modifications have been made to old trains in use around South Yorkshire after concerns about their safety.
Operator Northern said its fleet of bus-style Pacer trains, which date back to the 1980s, has undergone the work after they were deemed unsafe in 1999 when a carriage was almost demolished when hit by an express train at 50mph.
Stuart Draper, engineering director for Northern Rail, which runs most local services around South Yorkshire, said: “Our Pacer trains do absolutely meet current safety standards and have all undergone a programme of crash-worthiness modification. Since concerns were raised in 1999, there have been improvements to the stock and the issues have been addressed.
“It is well-documented that Pacers are some of the oldest trains on the UK rail network, however, they undergo the same rigorous safety checks as other fleets.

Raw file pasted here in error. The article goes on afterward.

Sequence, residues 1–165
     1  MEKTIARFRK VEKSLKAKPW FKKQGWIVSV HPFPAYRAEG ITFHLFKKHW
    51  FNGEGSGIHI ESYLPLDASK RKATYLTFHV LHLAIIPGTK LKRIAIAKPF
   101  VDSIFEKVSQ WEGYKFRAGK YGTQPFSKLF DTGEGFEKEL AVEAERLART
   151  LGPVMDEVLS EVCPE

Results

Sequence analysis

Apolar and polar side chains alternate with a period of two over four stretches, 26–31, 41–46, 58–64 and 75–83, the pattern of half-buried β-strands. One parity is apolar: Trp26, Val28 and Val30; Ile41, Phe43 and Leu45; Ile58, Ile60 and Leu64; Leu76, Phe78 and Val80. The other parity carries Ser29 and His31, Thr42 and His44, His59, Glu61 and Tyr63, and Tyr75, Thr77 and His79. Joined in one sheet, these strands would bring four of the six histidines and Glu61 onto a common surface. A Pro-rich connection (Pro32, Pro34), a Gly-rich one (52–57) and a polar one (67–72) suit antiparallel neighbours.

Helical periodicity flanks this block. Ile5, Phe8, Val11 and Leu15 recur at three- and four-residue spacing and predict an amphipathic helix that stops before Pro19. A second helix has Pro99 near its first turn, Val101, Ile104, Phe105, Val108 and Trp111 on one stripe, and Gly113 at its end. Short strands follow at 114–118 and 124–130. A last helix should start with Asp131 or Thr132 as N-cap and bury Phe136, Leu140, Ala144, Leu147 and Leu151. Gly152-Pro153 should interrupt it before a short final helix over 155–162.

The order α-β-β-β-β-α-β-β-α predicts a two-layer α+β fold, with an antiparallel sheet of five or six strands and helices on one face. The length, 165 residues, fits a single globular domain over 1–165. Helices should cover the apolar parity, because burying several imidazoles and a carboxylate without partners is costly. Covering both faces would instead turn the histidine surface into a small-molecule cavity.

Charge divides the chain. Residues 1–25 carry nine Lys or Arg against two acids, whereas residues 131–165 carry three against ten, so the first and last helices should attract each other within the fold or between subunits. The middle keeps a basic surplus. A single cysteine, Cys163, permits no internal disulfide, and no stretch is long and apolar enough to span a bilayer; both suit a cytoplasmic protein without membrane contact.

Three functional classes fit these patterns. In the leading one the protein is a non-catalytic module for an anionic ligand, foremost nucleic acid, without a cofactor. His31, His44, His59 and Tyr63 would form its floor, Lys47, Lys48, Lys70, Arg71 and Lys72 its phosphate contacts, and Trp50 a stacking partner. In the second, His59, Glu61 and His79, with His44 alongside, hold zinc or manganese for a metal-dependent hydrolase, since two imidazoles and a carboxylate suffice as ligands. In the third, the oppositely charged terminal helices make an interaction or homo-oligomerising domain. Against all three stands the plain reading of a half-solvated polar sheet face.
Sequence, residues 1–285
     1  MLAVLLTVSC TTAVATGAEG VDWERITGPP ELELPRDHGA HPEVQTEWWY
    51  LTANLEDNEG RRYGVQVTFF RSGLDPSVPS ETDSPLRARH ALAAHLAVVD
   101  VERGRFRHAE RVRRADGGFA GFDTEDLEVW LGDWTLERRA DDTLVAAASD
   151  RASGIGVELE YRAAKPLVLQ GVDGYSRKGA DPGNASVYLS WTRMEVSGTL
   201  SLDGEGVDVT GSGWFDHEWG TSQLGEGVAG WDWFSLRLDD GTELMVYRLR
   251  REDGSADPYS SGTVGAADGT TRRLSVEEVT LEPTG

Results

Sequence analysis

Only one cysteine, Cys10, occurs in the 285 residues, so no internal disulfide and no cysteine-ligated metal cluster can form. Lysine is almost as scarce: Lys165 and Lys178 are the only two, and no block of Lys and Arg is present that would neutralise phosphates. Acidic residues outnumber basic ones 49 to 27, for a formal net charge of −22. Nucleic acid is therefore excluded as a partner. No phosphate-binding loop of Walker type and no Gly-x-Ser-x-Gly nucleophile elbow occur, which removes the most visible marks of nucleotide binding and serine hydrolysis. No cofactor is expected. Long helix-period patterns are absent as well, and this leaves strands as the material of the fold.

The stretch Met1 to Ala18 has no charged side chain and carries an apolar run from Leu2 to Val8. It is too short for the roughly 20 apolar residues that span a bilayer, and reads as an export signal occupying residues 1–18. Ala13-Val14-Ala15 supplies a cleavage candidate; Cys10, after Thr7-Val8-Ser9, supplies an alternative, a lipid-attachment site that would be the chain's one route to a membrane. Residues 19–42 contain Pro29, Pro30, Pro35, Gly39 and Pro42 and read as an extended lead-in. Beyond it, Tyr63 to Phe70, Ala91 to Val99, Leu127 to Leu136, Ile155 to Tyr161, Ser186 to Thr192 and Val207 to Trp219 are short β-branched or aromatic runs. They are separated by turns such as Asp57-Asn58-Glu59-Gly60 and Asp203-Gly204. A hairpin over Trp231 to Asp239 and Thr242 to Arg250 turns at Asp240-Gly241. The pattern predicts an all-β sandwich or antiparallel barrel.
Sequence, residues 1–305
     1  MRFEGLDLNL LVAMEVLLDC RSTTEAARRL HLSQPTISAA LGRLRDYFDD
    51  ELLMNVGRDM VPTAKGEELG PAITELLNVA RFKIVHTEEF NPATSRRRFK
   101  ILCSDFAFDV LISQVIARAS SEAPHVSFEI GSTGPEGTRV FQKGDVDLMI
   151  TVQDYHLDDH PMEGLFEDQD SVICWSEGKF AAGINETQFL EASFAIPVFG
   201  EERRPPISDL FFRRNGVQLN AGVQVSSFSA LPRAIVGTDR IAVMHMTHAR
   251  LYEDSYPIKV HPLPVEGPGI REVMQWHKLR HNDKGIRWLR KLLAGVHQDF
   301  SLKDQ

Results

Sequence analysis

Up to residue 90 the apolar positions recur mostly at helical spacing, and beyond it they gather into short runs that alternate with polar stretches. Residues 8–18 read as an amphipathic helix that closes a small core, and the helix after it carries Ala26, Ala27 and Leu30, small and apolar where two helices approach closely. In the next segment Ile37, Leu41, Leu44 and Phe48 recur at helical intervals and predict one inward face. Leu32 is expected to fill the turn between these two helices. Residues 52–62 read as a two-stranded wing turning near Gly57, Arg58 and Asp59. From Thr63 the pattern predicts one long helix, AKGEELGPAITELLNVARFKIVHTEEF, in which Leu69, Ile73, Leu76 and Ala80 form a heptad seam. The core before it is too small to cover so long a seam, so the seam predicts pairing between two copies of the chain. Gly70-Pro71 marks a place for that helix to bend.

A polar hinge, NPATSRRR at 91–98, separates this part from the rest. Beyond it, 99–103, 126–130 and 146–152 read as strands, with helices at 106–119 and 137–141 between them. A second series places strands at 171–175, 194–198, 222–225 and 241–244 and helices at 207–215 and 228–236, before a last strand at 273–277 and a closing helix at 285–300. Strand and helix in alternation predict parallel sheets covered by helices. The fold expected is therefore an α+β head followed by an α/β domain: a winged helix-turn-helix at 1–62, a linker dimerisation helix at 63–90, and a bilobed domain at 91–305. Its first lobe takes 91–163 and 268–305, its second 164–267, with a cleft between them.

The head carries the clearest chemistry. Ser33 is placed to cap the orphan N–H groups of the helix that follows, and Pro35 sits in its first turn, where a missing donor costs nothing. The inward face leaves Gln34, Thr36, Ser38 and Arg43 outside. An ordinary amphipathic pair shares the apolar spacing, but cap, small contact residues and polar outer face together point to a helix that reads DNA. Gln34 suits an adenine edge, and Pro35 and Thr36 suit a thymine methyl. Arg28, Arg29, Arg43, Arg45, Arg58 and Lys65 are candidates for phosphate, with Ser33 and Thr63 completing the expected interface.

“Northern has a safety certificate which embraces all operation and maintenance of our fleet of trains and this is awarded by the safety regulator, the Office of Rail Regulation.
“The Pacer trains we operate are fully compliant with safety legislation.”
Modifications have included fitting brackets to the underframe of the carriages to ensure the main body of the train does not separate from the wheelbase in a collision.
Northern said it was also carrying out a refurbishment programme for all its 290 trains, which is more than two-thirds complete, and involves upgrading the interiors to improve comfort.
Deputy Prime Minister and Sheffield Hallam MP Nick Clegg has raised the problems of old trains on Northern’s network with the Department for Transport.
All Northern’s trains used in South Yorkshire date from at least 1989.
The firm pays millions of pounds each year to bank-owned leasing companies, which are supposed to invest in new trains in return.